I am on loess soil type in Central Iowa. I have noticed this tree springing up EVERYWHERE. Any ideas on it? It has kind of a green/grey leaf, and as of yet, I have not seen them get beyond 15' feet high
Well when life gives you autumn olive, make jam (or wine)
I do want to warn against letting the good aspects of this plant overshadow the threat it poses to wild ecosystems and biodiversity, though. Without human intervention, grasslands and prairies as we know them in North America would probably eventually be converted to autumn olive monocultures. Not even wildfires can kill off this plant. I'm hoping ecologists will eventually discover a biological control to keep autumn olive in check, but in the meantime it's up to us to control it. I really don't recommend going out of your way to grow autumn olive, and it would be best to gradually replace any autumn olive on your property with native (or at least non-invasive) alternatives.
There are lots of native plants that can be used as an alternative, by the way. My first recommendation would be the silver buffalo berry, which is a native relative of autumn olive. It has some thorns and the berries are more tart than autumn olive, but it is a good nitrogen fixer and people say the berries make an excellent jam. Elaeagnus x ebbingei is another autumn olive relative to look into.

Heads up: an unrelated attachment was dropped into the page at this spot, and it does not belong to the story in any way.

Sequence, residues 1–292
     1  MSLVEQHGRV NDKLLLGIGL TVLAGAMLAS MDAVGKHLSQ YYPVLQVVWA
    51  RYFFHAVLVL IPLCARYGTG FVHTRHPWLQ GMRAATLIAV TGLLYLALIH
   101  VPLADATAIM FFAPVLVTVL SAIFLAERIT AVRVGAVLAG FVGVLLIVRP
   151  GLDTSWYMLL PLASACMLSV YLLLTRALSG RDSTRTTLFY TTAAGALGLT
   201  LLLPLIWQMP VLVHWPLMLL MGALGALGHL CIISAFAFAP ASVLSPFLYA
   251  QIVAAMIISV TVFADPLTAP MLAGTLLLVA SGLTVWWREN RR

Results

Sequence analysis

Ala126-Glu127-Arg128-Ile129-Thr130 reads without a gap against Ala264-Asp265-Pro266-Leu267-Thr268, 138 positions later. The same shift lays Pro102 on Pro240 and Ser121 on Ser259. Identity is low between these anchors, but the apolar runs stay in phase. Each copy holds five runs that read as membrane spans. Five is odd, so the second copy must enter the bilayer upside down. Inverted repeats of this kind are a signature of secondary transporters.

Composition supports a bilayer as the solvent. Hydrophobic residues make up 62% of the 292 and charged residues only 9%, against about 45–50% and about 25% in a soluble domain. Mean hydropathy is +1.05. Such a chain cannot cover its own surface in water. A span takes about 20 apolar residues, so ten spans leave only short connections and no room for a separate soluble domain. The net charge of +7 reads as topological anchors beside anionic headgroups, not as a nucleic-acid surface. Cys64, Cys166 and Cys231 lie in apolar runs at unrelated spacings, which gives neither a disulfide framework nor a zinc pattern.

definately autumn olive..you should have had fragrant yellow flowers by now and they should have fallen off and you should get berries if they didn't frost..the birds will love them and go ahead and taste them when they get really ripe..some varieities are very tasty raw out of hand..other are good for use in other dishes.
they are related to goumi and russian olive (my favorite)..which has more whitish color to the leaves..blooms slightly later, slightly less invasive and bears its berries later..
they will get about 12' or so tall and wide..pretty much rounded head
Bloom where you are planted.
The trees are very invasive. 35 years ago there was one small shrub of this on our 80 acre farm. We noticed it because it was so different and because of the berries. The margins of the hayfields are now overrun with this plant and the state of CT, which encouraged it for wildlife, has now considered it an invasive species. Extremely tough to kill.
I have these coming up all along the edge of my property and while it makes a fine living fence, they will take over hill and dale if given the chance. Personally I trim these back each year and chip the branches into a mulch I then break down with king Stropharia mushrooms. I like to look at it as a renewable resource. But I wouldn’t go out of my way to plant them on purpose.
Some places need to be wild
Willie Smits: Village Based Permaculture Approaches in Indonesia (video)